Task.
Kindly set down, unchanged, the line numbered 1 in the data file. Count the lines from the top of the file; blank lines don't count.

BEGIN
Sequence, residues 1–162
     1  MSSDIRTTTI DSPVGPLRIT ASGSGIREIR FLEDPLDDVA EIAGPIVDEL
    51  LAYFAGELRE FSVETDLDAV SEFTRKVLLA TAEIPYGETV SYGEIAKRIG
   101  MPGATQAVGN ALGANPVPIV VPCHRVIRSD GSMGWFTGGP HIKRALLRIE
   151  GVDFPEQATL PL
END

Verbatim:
Sequence, residues 1–162